A food desert map
One way to combat this, at least in major cities, is urban farming. Urban farming is a growing trend, and while some people grow crops in their homes as a means of becoming self-sufficient, the most exciting development is vertical farming. Vertical farming, or warehouse farming, is the practice of using LED lights and nutrient-rich water to grow crops indoors. These farms, located mostly in urban areas, are designed to help alleviate some of the shipping costs associated with fresh produce. That said, these farms are still in the development stage, and as a result, their produce is very expensive. Bowery Farms charges $3.99 for a five-ounce package of leafy greens and while this may seem like a bargain to Manhattanites, most people don't have the money to buy spinach for $12 a pound. While vertical farms are a start, they're far from being a cureall. In fact, food deserts themselves may not, as many believe, be at the root of the food gap.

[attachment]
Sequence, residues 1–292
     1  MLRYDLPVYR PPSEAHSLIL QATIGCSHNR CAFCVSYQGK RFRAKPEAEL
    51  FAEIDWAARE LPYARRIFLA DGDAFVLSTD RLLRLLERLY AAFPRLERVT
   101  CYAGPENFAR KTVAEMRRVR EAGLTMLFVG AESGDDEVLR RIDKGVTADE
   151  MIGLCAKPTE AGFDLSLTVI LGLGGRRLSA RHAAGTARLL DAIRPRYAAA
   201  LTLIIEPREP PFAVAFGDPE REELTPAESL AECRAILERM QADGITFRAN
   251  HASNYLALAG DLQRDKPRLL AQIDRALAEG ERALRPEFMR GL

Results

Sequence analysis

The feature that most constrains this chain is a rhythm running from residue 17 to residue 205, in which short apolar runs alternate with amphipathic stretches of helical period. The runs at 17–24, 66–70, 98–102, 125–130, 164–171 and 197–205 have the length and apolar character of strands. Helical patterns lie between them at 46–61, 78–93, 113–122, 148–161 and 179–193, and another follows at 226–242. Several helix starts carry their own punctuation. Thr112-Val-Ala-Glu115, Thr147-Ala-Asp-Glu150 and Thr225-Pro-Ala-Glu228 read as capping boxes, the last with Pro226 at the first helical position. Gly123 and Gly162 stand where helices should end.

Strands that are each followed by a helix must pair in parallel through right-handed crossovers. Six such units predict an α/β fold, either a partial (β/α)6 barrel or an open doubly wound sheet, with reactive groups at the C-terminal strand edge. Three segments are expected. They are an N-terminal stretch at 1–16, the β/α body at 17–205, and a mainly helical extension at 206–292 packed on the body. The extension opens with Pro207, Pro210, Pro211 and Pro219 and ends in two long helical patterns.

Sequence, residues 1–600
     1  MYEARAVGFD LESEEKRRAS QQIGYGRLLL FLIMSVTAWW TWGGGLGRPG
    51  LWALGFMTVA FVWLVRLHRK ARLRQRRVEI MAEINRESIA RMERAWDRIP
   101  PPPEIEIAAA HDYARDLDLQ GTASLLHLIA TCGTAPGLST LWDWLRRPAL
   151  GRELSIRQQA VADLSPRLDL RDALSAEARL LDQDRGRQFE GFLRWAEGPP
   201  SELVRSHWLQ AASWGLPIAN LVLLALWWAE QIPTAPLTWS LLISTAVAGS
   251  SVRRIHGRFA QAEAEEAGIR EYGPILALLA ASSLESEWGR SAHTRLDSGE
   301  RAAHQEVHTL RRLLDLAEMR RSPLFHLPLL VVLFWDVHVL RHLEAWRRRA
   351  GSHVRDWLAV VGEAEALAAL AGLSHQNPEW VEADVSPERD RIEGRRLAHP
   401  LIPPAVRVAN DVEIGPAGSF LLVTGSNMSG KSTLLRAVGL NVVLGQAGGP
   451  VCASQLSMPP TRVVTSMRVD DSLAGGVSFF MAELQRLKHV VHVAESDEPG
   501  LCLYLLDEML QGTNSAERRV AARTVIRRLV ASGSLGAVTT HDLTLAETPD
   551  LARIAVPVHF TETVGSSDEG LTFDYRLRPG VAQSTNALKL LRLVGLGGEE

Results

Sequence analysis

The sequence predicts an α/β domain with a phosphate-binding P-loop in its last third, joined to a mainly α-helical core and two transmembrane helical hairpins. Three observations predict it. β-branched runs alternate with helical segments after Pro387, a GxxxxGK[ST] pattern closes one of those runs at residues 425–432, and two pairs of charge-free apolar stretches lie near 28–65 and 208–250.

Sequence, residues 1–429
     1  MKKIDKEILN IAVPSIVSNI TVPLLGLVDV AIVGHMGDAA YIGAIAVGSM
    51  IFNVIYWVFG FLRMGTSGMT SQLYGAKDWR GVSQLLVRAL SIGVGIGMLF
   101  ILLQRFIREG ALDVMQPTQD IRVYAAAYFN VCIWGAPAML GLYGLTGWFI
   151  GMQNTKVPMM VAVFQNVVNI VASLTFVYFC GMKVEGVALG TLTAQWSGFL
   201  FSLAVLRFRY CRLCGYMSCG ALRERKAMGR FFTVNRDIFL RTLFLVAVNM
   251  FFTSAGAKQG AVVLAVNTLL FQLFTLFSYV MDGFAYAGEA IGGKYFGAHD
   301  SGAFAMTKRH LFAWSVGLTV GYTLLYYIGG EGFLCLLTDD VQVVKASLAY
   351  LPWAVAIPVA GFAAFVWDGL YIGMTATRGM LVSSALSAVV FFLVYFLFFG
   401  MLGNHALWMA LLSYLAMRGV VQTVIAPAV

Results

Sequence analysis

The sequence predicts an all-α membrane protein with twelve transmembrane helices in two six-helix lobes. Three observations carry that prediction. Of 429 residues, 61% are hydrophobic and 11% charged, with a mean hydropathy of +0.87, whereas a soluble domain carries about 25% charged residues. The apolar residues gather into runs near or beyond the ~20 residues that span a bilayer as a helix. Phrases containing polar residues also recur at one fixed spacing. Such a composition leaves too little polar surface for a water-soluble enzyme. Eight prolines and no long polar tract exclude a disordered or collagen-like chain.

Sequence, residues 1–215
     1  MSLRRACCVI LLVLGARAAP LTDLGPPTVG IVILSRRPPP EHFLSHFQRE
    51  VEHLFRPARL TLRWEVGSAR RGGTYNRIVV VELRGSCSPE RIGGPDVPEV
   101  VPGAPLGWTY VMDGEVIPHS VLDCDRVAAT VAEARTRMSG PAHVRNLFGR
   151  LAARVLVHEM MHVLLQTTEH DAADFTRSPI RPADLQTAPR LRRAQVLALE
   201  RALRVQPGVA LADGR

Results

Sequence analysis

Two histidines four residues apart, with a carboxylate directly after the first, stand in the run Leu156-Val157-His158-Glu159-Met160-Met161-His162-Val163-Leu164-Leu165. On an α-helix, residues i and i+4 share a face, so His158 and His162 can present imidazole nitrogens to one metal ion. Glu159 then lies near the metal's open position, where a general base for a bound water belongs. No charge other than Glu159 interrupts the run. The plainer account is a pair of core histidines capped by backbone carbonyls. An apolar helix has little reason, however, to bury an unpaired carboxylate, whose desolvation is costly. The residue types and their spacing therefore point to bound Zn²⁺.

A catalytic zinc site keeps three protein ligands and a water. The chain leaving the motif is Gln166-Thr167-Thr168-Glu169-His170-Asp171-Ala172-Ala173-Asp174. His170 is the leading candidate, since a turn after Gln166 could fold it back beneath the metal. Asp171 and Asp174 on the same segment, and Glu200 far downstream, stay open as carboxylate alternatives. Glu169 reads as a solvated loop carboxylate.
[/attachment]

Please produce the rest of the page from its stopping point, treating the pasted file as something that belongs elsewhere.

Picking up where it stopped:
In a recent study conducted by economists at NYU, Stanford, and the University of Chicago, researchers determined that increasing access to supermarkets "reduces nutritional inequality by only 9%, while the remaining 91% is driven by differences in demand." This runs counter to the supply-side argument, that people just need healthy options and they'll make the choice to buy those foods. On top of this, contrary to popular belief, eating a healthy diet isn't all that much more expensive than eating a junk food diet.
For many, fast food is the most available option.